With COVID-19, Americans are suddenly on a kick to talk about personal responsibility and health care. People have been harassed and bullied out of stores for not wearing a mask. Much handwringing has gone into debates about whether or not political gatherings are appropriate in the COVID era and whether those who take greater risks should pay a higher cost or be treated at all.
If only we could transfer that conversation outside the context of a pandemic and apply it to health care in general. Let me explain.
When government is in charge of our health care and taxpayers are forced to pay for it, the idea of personal responsibility becomes meaningless.
Jason rides a high-performance motorcycle and doesn’t wear a helmet or protective gear. Jessica smokes two packs of cigarettes every day and refuses to quit. Jeremy tends to overeat and is 100 pounds over his recommended weight. From a medical standpoint, these are all high-risk lifestyles. To what extent is society responsible for paying for the health care of these individuals, and what is the role of personal responsibility?
Common sense says people understand their lifestyle choices and would have health insurance that covers their choices. It also seems logical that insurance companies that take on risk would charge customers more for policies that cover the life choices that frequently lead to illness and injury.
Unfortunately, that’s not the way that health insurance and health-care policy have evolved in the United States.
The tragedy is that no one is talking about personal responsibility in the ongoing health-care debate. The Left simply wants more government involvement. The Right still believes in free markets, but skirts around the issue of a people’s contributions to their own health and well-being.
The entire socioeconomic system in the U.S. is based on free choice. Inherent in those choices is the personal responsibility each person must assume. Health care should be no different.
Auto insurance is underwritten, and people demonstrating bad driving habits pay more for their policies. Homeowners with good maintenance, smoke alarms, and security systems pay less for insurance. Why is health insurance treated differently?
It all goes back to how health insurance developed in the United States. Since 1943, employers have gotten a tax break when providing health benefits to employees in group-insurance settings. There are some modifiers, but essentially employees are lumped together in risk pools regardless of health risks of individual group members. Half of all Americans receive their health insurance from their employer through this type of group-focused arrangement.
Medicare and Medicaid began in 1965, and Obamacare benefits started in 2014. Forty percent of Americans receive their health insurance through these government programs. There is no significant health underwriting in these taxpayer-funded plans, and consequently high-risk lifestyles are not a concern for people in these programs.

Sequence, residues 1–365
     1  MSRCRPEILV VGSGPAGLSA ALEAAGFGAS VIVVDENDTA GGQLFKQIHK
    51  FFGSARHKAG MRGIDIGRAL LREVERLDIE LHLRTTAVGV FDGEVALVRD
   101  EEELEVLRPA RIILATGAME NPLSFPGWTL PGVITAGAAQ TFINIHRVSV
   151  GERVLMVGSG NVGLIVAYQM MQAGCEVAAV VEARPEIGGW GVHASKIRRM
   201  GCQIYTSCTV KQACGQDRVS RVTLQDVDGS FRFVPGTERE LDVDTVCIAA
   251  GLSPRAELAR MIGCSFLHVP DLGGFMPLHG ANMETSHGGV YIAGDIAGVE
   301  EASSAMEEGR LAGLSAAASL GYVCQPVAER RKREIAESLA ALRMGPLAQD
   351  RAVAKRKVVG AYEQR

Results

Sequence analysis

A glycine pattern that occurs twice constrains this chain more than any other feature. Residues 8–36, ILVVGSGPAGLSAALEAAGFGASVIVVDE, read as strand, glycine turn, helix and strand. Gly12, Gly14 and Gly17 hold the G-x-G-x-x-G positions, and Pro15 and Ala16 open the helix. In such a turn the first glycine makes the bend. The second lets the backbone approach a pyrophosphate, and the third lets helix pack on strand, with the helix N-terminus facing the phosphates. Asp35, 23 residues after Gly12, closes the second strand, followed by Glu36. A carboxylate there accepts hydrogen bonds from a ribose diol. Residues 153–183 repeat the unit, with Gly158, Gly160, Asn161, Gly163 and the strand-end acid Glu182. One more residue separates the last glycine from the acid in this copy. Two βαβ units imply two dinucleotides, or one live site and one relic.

The remaining 10 percent of Americans are either uninsured or are in the private individual health insurance market, where, again, no meaningful risk underwriting takes place.
The question is whether or not people would alter their high-risk behavior if they were completely responsible for their own health-care costs.
Advocates on the political left claim that health care is a “right.” How does personal responsibility figure into this belief? Should the rest of us, through taxation, fund health care for those people who choose to engage in high-risk behavior?
Obamacare has proved that the government cannot force people to buy health insurance. Even though the law imposed an individual mandate (which has essentially been repealed), only 40 percent of the 50 million people who were uninsured when the Affordable Care Act became law elected to purchase insurance or enroll in Medicaid.
If the government is paying for all medical care, which it does in Medicaid and in a single-payer system, could the bureaucrats outlaw high-risk behavior? Could cigarettes be banned? Could people be forced to be height–weight proportional? Could patients be compelled to be compliant in taking their medications and following their doctors’ orders?
Rightfully, these harsh government mandates would be unacceptable to Americans. On the other hand, the financial impact of any high-risk activity should not be shifted onto taxpayers, most of whom lead responsible lives.
The logical solution is to remove the government from our health-care delivery system and allow patients, as consumers, to control their own health-care dollars and be responsible for their own lifestyle decisions. Meaningful reform would require a change in the federal tax code so individuals could take the same tax break that employers have had for 70 years. It would require provider price transparency, and it would require health insurance reform and the restructuring of the existing government health programs.
Sadly, there are no current federal or state programs in which personal responsibility plays a key role or is incentivized to play a key role. The closest example of a more direct approach is some employers reducing employee premium costs if employees participate in an exercise program, cigarette reduction plan, or weight loss plan.
When government is in charge of our health care and taxpayers are forced to pay for it, the idea of personal responsibility becomes meaningless. Government entitlements have no concern for personal responsibility. The expansion of health-care entitlements could even drive people further away from personal responsibility.
This seems nonsensical, but it is tragically a reality.